Letter from Elizur Wright, Office of the American Anti-Slavery Society, New York, [New York], to William Lloyd Garrison, 1838 March 9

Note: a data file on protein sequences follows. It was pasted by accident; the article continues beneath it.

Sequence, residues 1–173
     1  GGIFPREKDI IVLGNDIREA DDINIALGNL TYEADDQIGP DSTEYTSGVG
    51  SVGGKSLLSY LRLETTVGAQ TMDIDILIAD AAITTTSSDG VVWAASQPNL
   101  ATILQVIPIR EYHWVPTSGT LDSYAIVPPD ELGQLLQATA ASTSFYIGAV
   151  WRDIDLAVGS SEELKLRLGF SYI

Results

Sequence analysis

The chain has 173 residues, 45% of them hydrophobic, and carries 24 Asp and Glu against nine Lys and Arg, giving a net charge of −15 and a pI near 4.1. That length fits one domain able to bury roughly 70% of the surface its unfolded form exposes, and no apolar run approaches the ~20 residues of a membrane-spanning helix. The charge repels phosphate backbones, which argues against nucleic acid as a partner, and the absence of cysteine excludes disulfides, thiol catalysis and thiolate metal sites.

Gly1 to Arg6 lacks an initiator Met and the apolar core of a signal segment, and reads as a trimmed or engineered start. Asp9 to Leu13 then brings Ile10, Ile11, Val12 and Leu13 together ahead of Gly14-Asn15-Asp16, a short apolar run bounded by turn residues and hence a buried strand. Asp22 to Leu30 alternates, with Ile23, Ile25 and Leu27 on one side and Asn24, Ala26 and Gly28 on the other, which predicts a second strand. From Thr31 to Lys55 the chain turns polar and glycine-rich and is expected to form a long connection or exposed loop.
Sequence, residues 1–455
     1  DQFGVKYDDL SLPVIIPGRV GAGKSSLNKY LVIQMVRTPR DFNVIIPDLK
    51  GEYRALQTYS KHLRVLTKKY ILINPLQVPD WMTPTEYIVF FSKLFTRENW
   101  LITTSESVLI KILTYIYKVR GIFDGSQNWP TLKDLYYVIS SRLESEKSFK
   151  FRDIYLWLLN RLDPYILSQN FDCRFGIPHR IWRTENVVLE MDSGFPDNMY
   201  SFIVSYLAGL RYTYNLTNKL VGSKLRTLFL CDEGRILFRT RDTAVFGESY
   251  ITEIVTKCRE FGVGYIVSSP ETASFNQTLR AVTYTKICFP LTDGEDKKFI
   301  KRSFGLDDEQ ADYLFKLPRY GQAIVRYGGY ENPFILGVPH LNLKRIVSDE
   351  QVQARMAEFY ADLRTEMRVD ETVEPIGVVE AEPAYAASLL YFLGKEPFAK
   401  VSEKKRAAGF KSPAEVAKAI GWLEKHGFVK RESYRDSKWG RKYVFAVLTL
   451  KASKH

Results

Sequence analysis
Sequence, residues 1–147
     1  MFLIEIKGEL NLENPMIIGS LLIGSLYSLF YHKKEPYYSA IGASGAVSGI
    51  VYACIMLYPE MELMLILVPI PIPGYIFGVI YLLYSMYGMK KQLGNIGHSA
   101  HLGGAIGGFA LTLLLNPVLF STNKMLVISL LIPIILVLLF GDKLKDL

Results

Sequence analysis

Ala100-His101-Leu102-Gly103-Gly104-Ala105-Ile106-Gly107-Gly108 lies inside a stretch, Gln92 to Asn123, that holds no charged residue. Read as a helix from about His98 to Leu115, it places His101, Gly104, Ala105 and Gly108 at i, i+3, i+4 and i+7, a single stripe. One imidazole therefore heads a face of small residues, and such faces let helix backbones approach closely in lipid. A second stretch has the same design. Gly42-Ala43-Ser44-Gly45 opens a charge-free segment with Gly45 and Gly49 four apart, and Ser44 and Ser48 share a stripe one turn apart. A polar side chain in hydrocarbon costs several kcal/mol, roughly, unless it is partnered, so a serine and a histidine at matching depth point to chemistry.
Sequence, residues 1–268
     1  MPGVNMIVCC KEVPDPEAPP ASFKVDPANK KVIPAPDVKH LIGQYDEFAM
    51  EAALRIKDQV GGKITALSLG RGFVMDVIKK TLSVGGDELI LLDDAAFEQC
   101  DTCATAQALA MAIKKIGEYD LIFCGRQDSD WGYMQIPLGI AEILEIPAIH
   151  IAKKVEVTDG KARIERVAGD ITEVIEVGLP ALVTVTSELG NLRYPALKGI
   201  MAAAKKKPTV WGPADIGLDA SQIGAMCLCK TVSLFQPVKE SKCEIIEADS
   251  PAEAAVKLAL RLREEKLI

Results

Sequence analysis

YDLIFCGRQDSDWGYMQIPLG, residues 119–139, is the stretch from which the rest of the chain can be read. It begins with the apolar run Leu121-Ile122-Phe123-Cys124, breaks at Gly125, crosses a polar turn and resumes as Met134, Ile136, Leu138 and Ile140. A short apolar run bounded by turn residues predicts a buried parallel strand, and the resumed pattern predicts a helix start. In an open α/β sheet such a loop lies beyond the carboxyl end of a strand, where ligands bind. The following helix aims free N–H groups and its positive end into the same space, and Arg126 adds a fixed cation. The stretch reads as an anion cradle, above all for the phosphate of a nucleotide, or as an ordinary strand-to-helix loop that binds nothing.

Elizur Wright, Jr. writes to William Lloyd Garrison telling him that he has "more influence than any other man over our colored brethren; and if ever an occasion demanded its full exertion, it is the case of our brethren in P[ennsylvani]a stripped of their manhood by the 'Refom' Convention" (a Pennsylvania constitutional convention that proposed limited voting rights to white males). He details how he and John Greenleaf Whittier encouraged them to appeal against the state constitution but their work was prevented by "the infamous decision of Judge Gibson ... denying their right of suffrage." Furthermore, "timid white friends" in the state have encouraged these Pennsylvanians not to fight the new constitution but try to change it once it is ratified, a proposition Wright likens to losing "the most glorious opportunity they have ever had, or ever will have, to strike a blow at prejudice." Wright asks Garrison to "stir them up by one of your 'trumpet-calls' in the Liberator, or by writing to some of them or both?"